He also takes issue with Notley’s decision to highlight the economic benefits of the production cuts, but not the environmental benefits. By his calculations, the planned cuts would reduce Alberta’s emissions by 2.3 percent next year. “Why is it more politically palatable to cut production to address a crisis of profitability than it would be to address the climate crisis” he writes in Parkland’s latest publication.


Acknowledging the emission reductions is significant considering the oil sands are responsible for half of Alberta’s total greenhouse gas emissions, he said. “If we’re looking at the climate change file, start planning towards a permanent scale-down or decline in production going forward.” Acuña’s proposal is a political hot-potato. The case for more pipeline capacity centers around production levels remaining at or near current levels.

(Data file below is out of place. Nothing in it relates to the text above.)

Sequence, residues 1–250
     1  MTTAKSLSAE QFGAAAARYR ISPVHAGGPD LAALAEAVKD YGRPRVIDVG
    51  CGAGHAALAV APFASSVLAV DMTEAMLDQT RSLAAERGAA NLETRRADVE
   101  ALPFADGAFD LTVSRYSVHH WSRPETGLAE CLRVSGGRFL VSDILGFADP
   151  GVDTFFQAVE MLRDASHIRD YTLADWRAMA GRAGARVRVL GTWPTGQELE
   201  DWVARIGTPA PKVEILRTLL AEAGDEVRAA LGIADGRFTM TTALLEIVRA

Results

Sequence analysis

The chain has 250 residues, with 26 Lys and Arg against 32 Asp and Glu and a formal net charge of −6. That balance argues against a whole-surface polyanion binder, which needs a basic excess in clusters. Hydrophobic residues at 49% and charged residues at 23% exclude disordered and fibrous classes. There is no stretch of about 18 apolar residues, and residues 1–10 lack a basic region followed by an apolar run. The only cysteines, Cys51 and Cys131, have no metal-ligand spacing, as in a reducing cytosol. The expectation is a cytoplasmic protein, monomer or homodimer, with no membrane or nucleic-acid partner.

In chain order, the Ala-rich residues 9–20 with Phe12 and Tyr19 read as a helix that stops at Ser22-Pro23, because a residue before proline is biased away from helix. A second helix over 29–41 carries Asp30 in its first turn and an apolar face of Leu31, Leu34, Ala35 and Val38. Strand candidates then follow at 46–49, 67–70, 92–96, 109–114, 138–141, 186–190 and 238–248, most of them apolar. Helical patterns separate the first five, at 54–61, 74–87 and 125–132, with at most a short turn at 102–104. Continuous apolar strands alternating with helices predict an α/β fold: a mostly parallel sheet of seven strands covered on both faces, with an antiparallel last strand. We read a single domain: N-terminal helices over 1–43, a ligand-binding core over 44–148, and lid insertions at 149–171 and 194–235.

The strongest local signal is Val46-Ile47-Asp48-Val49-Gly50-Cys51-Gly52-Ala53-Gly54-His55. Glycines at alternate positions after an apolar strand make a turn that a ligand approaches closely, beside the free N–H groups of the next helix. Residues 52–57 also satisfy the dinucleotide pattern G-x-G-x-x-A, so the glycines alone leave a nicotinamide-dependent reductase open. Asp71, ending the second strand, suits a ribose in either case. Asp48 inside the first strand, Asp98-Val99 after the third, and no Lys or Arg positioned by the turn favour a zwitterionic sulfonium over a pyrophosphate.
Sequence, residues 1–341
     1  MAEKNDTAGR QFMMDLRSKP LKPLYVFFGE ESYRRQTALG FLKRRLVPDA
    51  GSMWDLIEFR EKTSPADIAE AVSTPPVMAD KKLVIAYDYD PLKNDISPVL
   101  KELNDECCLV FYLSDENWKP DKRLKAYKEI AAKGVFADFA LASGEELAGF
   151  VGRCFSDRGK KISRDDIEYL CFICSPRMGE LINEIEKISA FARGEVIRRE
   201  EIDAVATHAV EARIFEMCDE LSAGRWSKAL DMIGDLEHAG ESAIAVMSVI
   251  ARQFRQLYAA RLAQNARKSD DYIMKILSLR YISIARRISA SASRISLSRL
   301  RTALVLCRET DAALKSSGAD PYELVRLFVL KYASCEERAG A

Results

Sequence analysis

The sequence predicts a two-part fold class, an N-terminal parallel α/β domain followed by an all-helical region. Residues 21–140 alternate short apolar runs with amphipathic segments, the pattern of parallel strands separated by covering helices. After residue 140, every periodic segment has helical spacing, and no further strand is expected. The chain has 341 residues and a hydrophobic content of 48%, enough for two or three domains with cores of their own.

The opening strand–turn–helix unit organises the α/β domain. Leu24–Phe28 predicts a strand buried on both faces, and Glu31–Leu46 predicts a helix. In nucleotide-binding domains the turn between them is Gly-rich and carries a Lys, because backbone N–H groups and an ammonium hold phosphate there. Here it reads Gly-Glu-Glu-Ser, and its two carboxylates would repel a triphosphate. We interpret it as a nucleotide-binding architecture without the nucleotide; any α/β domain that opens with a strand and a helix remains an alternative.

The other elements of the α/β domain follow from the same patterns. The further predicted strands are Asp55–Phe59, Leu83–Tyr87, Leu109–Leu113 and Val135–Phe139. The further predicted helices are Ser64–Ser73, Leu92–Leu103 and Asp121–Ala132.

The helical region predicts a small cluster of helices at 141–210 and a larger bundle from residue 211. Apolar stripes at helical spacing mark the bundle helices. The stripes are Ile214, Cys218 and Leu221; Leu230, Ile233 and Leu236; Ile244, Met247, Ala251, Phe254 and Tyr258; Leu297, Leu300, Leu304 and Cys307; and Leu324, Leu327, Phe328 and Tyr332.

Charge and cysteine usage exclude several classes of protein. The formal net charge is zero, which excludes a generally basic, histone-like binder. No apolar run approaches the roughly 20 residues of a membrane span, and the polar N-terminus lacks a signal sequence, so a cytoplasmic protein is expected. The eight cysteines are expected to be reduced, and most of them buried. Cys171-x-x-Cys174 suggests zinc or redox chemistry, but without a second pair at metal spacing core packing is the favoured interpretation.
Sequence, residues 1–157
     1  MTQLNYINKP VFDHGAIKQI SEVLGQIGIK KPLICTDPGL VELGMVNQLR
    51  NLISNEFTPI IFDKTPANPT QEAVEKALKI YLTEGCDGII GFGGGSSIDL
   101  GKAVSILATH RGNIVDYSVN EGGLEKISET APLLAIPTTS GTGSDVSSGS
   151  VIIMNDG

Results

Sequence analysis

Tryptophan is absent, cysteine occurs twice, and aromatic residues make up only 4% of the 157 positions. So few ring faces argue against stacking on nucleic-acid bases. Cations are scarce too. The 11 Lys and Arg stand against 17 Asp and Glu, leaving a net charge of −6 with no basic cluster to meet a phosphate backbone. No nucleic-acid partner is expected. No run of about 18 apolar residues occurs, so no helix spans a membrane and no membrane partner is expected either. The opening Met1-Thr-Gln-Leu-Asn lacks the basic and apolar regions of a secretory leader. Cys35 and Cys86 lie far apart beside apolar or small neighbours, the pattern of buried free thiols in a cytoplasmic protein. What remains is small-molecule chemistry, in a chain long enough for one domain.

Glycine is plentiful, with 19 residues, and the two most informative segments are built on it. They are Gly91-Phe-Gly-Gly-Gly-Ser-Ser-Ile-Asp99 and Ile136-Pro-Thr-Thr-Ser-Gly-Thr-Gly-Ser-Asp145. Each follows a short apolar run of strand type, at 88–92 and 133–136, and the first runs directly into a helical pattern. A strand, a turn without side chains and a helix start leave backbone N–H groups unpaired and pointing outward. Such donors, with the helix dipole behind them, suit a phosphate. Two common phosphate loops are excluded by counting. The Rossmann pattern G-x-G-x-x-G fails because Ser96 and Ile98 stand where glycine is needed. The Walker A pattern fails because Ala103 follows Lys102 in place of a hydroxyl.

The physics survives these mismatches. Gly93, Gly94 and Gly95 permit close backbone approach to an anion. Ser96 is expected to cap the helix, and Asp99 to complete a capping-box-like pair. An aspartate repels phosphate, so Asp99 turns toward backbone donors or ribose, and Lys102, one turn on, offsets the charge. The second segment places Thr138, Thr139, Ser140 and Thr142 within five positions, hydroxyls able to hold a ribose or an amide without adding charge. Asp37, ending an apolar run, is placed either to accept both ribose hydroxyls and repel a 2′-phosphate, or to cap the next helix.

Blame Ottawa

Despite vocal opposition and legal hurdles to pipeline expansion, the Alberta government doesn’t point fingers at producers who haven’t successfully managed the situation. Instead, it blames the federal government’s “decades-long inability to build pipelines,” saying that “Ottawa’s failure in this area has left Alberta’s energy producers with few options to move their products, resulting in serious risks for the energy industry and Alberta jobs.”

It’s hard to argue against the benefit of pipelines compared to moving potentially volatile energy products by rail or truck, according to Grant Bishop, associate director of research at the C.D. Howe Institute, a non-profit think tank. He says the Lac-Mégantic train disaster is “an example that lurks in people’s minds.” Oil shipments by rail remain at historically high levels of about 170,000 barrels a day in Canada-- that’s about six times as much as in 2012. According to Bishop, having all that oil taking up cargo space riding the rails also impacts the cost of shipping agricultural products like wheat and potash.